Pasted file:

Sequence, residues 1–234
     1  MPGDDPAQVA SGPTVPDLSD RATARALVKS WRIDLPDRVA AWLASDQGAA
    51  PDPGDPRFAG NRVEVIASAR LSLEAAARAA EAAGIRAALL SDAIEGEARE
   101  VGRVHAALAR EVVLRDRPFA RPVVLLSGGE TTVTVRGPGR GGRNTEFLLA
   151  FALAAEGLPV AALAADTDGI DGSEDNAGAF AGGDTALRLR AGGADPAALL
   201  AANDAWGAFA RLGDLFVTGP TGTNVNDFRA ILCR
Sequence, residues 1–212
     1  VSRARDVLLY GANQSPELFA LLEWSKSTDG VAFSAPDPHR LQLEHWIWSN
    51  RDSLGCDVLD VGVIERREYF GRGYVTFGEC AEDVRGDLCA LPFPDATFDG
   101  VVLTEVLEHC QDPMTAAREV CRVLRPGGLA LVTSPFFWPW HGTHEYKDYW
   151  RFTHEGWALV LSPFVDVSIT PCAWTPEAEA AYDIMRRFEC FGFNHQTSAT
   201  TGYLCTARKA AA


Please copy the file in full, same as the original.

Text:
Sequence, residues 1–234
     1  MPGDDPAQVA SGPTVPDLSD RATARALVKS WRIDLPDRVA AWLASDQGAA
    51  PDPGDPRFAG NRVEVIASAR LSLEAAARAA EAAGIRAALL SDAIEGEARE
   101  VGRVHAALAR EVVLRDRPFA RPVVLLSGGE TTVTVRGPGR GGRNTEFLLA
   151  FALAAEGLPV AALAADTDGI DGSEDNAGAF AGGDTALRLR AGGADPAALL
   201  AANDAWGAFA RLGDLFVTGP TGTNVNDFRA ILCR
Sequence, residues 1–212
     1  VSRARDVLLY GANQSPELFA LLEWSKSTDG VAFSAPDPHR LQLEHWIWSN
    51  RDSLGCDVLD VGVIERREYF GRGYVTFGEC AEDVRGDLCA LPFPDATFDG
   101  VVLTEVLEHC QDPMTAAREV CRVLRPGGLA LVTSPFFWPW HGTHEYKDYW
   151  RFTHEGWALV LSPFVDVSIT PCAWTPEAEA AYDIMRRFEC FGFNHQTSAT
   201  TGYLCTARKA AA